After 20 years of study, the Department of Ecology is developing a Nutrient General Permit under the Clean Water Act that will require all wastewater treatment plants to upgrade and remove more nutrient pollution before they can expand capacity. Nutrient pollution impacts salmon and shellfish by decreasing oxygen and worsening acidification. Communities from Shelton to Sequim to Spokane have already invested in these technologies – 16 of the 67 treatment plants discharging to marine waters upgraded to this modern technology, including the Olympia area in the 1980s. King County and Tacoma, on the other hand, are actively fighting these proposed protections. Since they serve the largest populations, they operate the largest treatment plants and are thus resistant to the perceived costs of upgrading their systems.
The Washington Department of Ecology announced that the draft Puget Sound Nutrient General Permit is now available for public comment. They invite comments on the draft permit document and State Environmental Policy Act Determination of Non-Significance beginning June 16, 2021 until Aug. 16, 2021, at 11:59 p.m.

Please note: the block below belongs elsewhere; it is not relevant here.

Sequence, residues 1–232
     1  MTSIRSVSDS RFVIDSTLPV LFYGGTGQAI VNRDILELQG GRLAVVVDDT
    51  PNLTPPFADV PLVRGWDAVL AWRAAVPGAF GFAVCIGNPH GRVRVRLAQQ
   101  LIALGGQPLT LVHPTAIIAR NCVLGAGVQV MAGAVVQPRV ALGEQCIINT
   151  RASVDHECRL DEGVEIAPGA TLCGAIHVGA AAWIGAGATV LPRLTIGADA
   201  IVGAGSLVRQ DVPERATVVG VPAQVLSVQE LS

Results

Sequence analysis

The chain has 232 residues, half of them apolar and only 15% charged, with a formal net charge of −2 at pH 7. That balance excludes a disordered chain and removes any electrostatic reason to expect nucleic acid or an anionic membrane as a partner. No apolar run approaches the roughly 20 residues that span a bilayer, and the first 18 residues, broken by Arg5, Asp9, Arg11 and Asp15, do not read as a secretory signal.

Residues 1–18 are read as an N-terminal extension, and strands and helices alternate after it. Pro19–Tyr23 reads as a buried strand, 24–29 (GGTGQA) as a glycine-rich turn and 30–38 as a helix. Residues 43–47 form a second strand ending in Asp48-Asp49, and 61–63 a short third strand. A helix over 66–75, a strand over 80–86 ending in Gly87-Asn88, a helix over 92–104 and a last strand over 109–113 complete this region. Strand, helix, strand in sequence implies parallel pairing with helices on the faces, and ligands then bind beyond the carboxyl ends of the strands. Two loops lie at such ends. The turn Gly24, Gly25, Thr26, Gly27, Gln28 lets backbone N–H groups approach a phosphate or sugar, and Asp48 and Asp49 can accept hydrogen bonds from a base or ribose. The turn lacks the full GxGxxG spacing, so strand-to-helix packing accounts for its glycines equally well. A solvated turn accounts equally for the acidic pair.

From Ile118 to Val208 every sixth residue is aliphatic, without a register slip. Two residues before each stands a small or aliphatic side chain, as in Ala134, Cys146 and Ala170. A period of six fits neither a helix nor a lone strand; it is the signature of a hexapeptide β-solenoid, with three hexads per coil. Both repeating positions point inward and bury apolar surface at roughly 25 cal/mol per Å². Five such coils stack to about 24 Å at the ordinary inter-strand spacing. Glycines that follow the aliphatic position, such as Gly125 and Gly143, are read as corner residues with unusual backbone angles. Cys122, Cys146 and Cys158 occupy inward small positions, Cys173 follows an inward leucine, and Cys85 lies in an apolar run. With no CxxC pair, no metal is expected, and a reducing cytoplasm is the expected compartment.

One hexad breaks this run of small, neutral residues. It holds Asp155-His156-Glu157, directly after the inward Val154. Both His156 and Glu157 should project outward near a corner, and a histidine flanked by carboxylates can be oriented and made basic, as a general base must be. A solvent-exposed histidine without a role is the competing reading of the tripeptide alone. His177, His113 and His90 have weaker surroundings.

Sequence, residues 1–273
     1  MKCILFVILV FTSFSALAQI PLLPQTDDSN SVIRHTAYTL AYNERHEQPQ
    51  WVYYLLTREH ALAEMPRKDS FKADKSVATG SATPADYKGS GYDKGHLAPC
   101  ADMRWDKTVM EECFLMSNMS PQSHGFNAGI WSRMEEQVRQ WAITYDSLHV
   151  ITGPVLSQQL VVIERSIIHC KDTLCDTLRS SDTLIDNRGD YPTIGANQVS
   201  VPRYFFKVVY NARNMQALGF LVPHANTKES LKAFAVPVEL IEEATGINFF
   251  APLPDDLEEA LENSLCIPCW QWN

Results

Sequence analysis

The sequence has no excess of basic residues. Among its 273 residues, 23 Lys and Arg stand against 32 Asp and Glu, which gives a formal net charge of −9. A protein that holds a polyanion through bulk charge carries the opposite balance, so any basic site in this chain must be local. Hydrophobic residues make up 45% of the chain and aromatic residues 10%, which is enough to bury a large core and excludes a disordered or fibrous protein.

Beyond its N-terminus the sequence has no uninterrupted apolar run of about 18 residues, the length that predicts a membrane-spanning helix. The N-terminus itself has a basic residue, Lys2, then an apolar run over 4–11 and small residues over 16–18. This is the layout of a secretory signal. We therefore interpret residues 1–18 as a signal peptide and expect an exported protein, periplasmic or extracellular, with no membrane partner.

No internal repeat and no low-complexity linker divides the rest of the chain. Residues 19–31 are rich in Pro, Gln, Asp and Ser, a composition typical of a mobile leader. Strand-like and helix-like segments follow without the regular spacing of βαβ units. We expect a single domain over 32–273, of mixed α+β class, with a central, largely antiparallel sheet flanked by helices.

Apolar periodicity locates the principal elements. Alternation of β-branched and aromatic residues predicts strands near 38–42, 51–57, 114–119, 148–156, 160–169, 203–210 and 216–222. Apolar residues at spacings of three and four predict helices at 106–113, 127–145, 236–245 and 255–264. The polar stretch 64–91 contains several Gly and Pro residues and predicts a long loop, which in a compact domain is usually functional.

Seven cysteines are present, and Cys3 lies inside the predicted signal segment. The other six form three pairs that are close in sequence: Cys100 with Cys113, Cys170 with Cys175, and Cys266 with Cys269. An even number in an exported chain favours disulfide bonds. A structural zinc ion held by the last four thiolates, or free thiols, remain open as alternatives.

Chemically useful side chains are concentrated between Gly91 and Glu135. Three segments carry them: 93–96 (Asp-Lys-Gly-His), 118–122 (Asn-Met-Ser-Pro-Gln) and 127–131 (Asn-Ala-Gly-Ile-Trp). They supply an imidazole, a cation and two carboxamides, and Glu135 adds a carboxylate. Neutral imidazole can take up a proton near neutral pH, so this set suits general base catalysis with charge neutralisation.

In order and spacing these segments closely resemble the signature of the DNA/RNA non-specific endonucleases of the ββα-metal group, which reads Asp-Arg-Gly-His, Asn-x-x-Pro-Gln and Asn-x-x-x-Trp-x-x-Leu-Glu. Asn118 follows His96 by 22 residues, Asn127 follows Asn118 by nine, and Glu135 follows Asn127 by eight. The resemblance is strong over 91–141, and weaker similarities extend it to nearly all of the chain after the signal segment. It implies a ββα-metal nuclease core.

Ecology is also hosting online workshops, immediately followed by a public hearing on the following dates:
During the workshop, they will explain the proposed changes to the permit and answer questions. The hearing will begin after the public workshop and will end when public testimony is complete. During the hearing, you may give oral testimony on the proposed changes. Written comments will receive the same consideration as oral testimony.
Surfrider Foundation is developing our comment letter to officially submit on behalf of our Washington Chapters. As aquatic recreational enthusiasts, we have a vested interest in improving the health of the Salish Sea marine ecosystem. Our goal on this campaign is to reduce nutrients and other pollution from wastewater treatment plants discharging to Puget Sound by implementing advanced nutrient-reduction technology as quickly as possible and in an equitable manner, including a strong Puget Sound Nutrient General Permit (PSNGP) in 2021.
This is a generational opportunity and obligation as wastewater technology decisions occur once every few decades. The last time wastewater technology was overhauled was in the 1980s, when utilities complained that the science was uncertain, technology was too costly, and upgrades would not make much of a difference anyway. At the time, significant federal funding alleviated local funding pressures. However, since then, federal funding for all types of water infrastructure has declined, even as financial support for bridges, roads, and airports has remained steady. Fortunately, the national interest in infrastructure investments includes wastewater and other clean water infrastructure. Take Action today and join Surfrider in calling on congress to authorize and allocate $40 billion ($8 billion annually over 5 years) for the Clean Water SRF.
Click on the map below to view the location of wastewater treatment facilities in the Salish Sea and Puget Sound: